M*A*S*H 1972-1975

As I was sidelined…I drug out my Mash episodes and started to watch them in order. I got to the 5th season and then started to jump around. I also like the movie but I’ll concentrate on the TV show for these three days of posts.

Mash was one of the best-written tv shows ever. It’s hard to do a simple one page on this show because it lasted eleven seasons on a war that lasted a little over three years.

It seems everyone has their own favorite era of the show. For me, I have always liked the irrelevant feeling of the original cast. I never watched it in real-time between 72-75 because I would have been too young to get it then… I started to watch it around 1977 but after watching in syndication I liked the Henry Blake, Trapper John, and Frank Burns era.

This show was different than many other comedies. It was funny but also could turn serious.

I’ve always divided M*a*s*h up in three sections… Original cast 72-75 (S 1-3), Radar leaving 76-79 (S 4-8), and the end… 80-83 (S 9-11). The atmosphere changed in every section. I’ve always wondered what would have happened if Mclean Stevenson and Wayne Rogers would have stayed a couple of more years…how that would have changed how it evolved. I’ll be posting on these sections in the next few days.

Characters from the first 3 years.

Benjamin Franklin “Hawkeye” Pierce – Alan Alda – This character may have installed my love of the Marx Brothers. Alda followed Groucho’s template of sardonic humor.

Trapper John McIntyre – Wayne Rogers – I think Trapper John was Hawkeye’s best partner. They were just different enough to work. Like Henry, he left way too soon. 

Lieutenant Colonel Henry Blake – McClean Stevenson – Henry wasn’t much of a leader but he was fun to have around. He really emphasized having Doctors running an Army camp. What he lacked as a leader he made up for with compassion and care for his people…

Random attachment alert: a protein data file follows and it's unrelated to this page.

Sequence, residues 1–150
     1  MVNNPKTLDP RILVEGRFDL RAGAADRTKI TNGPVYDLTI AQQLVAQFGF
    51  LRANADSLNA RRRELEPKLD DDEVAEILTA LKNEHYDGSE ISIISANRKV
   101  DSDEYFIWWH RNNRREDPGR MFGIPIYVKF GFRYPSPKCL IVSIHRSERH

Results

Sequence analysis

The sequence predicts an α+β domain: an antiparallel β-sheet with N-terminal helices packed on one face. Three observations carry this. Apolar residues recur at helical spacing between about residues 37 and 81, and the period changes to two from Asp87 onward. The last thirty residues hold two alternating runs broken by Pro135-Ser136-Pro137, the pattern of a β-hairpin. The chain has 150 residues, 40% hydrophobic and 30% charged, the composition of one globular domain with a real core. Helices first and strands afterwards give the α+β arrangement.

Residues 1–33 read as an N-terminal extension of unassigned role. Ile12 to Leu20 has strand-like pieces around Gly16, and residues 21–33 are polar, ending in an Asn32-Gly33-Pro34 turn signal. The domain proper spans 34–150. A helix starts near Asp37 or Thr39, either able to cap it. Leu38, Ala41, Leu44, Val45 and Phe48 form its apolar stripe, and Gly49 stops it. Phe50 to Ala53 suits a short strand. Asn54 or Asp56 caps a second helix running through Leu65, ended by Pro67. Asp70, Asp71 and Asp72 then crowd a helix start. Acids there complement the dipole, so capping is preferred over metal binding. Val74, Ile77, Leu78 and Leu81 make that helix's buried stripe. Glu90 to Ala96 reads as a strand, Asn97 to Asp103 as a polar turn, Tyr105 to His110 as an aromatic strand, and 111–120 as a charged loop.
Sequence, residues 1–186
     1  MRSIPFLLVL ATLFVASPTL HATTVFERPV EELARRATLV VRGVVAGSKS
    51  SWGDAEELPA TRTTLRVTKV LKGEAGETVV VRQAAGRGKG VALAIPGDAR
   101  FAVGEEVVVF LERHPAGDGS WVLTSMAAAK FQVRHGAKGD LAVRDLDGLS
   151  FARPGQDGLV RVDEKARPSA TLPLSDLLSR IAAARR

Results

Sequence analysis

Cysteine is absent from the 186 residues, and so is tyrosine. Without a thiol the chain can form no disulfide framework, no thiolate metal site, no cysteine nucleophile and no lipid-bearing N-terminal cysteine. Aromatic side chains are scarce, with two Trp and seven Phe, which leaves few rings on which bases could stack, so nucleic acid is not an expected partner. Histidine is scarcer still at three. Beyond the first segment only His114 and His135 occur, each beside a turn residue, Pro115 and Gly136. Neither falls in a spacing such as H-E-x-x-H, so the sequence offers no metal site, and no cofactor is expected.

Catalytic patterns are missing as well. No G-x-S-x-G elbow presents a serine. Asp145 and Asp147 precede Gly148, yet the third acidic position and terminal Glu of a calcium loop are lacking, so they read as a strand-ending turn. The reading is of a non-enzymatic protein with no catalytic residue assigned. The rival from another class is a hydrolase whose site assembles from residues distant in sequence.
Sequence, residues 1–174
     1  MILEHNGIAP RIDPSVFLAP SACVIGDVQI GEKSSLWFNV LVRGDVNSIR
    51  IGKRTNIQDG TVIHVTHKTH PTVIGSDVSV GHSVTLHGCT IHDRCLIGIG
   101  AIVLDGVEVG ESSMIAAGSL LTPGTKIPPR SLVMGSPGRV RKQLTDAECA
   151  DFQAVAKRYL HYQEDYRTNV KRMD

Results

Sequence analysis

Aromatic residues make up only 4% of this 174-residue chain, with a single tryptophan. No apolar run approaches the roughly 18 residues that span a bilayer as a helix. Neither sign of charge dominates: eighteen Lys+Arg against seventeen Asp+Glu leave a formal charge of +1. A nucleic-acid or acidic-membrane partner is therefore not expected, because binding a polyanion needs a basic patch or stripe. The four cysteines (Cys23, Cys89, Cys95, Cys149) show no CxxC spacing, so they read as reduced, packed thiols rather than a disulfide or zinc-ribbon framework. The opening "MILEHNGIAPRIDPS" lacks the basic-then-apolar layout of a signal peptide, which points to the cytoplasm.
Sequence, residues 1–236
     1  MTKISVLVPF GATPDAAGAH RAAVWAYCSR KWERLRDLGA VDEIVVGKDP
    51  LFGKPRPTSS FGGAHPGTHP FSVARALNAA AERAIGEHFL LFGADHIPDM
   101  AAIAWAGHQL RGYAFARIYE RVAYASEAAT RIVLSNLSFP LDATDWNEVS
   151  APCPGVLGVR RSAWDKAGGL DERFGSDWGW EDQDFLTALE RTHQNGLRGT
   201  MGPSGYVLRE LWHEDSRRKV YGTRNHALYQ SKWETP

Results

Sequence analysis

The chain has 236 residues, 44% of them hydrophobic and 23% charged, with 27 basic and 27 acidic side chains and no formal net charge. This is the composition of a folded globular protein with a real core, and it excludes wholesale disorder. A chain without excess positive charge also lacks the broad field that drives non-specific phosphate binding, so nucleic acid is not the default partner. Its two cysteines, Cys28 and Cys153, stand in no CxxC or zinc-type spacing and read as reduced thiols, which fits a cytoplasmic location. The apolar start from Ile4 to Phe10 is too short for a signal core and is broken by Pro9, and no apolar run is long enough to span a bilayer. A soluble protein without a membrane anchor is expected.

Major Frank Burns – Larry Linville – Maybe the most annoying whiny character on any show.  When I was younger I hated Frank Burns…but later on, I saw how vital he was to the show. The show really missed him when he quit…still it would terrible to meet a live Frank Burns.

Major Margaret Hot Lips” Houlihan – Loretta Swit – Of all of the characters that changed as the show progressed…Margaret changed most of all. She was still an army brat here but she could match Frank in being military and paranoid. Margaret and Frank would be an item until the 5th season.

Corporal Walter “Radar” O’Reilly – Gary BurghoffThe most important member of the 4077… He made that camp run while representing the childlike qualities of a kid from Ottumwa, Iowa.

Francis John Patrick Mulcahy – William Christopher – William did a great job of representing Father Mulcahy. He was totally believable as the friendly priest of the 4077.

Maxwell Klinger – Jamie Farr – Corporal Klinger would go to great lengths to get out of the Army…wearing women’s clothing (in the 50s), reporting relatives dying (the same ones over and over), and even eating a jeep. Also trying to escape with a glider with pink house shoes…he looked like a big red bird with fuzzy pink feet. 

Episodes that stand out are

Sometimes You Hear a Bullet – This one gets serious when a friend of Hawkeye’s is writing a book about the war and is hit on the battlefield and Hawkeye cannot save him. A young Ron Howard is in this one playing a kid who lied about his age to get in the army just to impress a girl. Hawkeye was going to keep it a secret but eventually turns him in when he sees his friend die.

“Abyssinia, Henry” – Probably my favorite Mash episode ever. They do something that just wasn’t done back then…kill a character off in a comedy. McClean Stevenson wanted off the show (a move he would regret) after three seasons and Henry Blake gets his papers to go home. He tells everyone goodbye and at the end, Radar comes in the operating room to say that Henry’s plane was shot down with no survivors.

Trapper: Klinger is not a pervert.
Frank: How do you know?
Trapper: because I’m one and he’s never at the meetings.

Frank: Your conduct in there was not only unbecoming in an officer, it was equally reprehensible as a medical man!
Hawkeye: Frank, I happen to be an officer only because I foolishly opened an invitation from President Truman to come to this costume party. And as for my ability as a doctor, if you seriously question that, I’m afraid I’ll just have to challenge you to a duel.
Trapper: Swords or pistols?
Hawkeye: I was thinking specimen bottles at 20 paces.
Frank: There are ladies present.
Hawkeye: Oh. (to Margaret) Sorry, baby.
Margaret: “Major” to you!
Hawkeye: Sorry, Major, baby.

Frank: All right, McIntyre! Time for your checkup. Into your birthday suit.
Trapper: Take a walk, Frank.
Frank: This is the army.
Trapper: Then take a hike!
Frank: Are you refusing to take your physical from a superior officer?
Trapper: No, I’m refusing to take my physical from an inferior doctor.